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  2. When [The Discreet Charm of the Bourgeoisie] had been nominated for an Oscar, four Mexican reporters tracked us down at El Paular, where we were already at work on another project. During lunch, they asked if I thought I was going to win that Oscar.

    “Of course,” I replied between bites. “I’ve already paid the twenty-five thousand dollars they wanted. Americans may have their weaknesses, but they do keep their promises.”

    A few days later, headlines in Mexico City announced that I’d bought the Oscar. Los Angeles was scandalized; telexes poured in; Silberman flew over in a rage from Paris. I assured him it was all a joke, but it took quite a while for the dust to settle. Ironically, the film did win an Oscar three weeks later.

    Luis Buñuel (above, in disguise, with the Oscar.)

    (Fuente: strangewood, vía tornandfrayed)

     
  3. arpeggia:

    Misha Gordin - The New Crowd, 1996-2002 | More

    (vía valeriesergent)

     

  4. "My freedom thus consists in my moving about within the narrow frame that I have assigned to myself for each one of my undertakings. I shall go even further: my freedom will be so much the greater and more meaningful the more narrowly I limit my field of action and the more I surround myself with obstacles. Whatever diminishes constraint diminishes strength. The more constraints one imposes, the more one frees oneself of the claims that shackle the spirit."
    — 

    —Igor Stravinsky, The Poetics of Music

    Open Letter to Design Students Everywhere: Observatory: Design Observer

    (via howtowork)

     
  5. millerharry:

    holy shit yes

    (vía on-a-peregrine)

     
  6. mano.

    hand.

     
  7. storyboard:

    The Reconstructionists: Celebrating Badass Women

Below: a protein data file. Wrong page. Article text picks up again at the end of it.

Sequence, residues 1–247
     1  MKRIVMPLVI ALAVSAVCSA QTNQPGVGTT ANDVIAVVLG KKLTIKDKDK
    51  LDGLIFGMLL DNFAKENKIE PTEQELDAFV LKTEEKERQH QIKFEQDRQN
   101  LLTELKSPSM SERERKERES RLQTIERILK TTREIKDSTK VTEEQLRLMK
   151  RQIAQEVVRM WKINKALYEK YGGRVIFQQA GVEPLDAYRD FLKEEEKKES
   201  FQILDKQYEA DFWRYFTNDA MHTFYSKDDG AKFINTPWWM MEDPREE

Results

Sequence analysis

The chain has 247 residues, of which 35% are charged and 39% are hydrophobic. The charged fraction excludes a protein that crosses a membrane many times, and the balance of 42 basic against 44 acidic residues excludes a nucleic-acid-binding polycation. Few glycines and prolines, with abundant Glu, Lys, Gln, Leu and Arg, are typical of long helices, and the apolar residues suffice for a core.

What do Buddhist artist Agnes Martin, Hollywood inventor Hedy Lamarr, and French-Cuban author Anaïs Nin have in common? Their names may not conjure popular recognition, and yet, for Lisa Congdon and Maria Popova, these women represent a particular breed of cultural trailblazer: female, under-appreciated, badass. They are “Reconstructionists,” as the writer-illustrator duo call them — and for the next year, they’ll be celebrated on a blog of the same name. Every Monday for 12 months, The Reconstructionists will debut a hand-painted illustration and short essay highlighting a woman from fields such as art, science, and literature. The subject needn’t be famous, but she will, as Popova, the creator of Brain Pickings, puts it, “have changed the way we define ourselves as a culture.” We spoke with Popova, and illustrator Congdon, about the inspiration behind their project.

    How’d you come up with the name ‘Reconstructionist’?

    Maria Popova: It’s very challenging to celebrate women without pigeonholing the project into some stereotypical and alienating feminist corner, the most dangerous part of which is the preaching-to-the-choir quality that many such projects tend to have. So when it was time to come up with a title for the project, it couldn’t be something too literal or too obvious. After sifting through hundreds of letters, diaries, autobiographies, and other writing, I suddenly remembered something Anaïs Nin had written in a 1944 diary entry — about “woman’s role in the reconstruction of the world.” It was perfect. It was the only common denominator between those women – they aren’t all artists, or all writers, or all to be expected in the pages of a tenth-grade history book. They are simply all reconstructionists.

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  8. Un cabello en la cama trae recuerdos.

    A hair found in bed bring memories.

     
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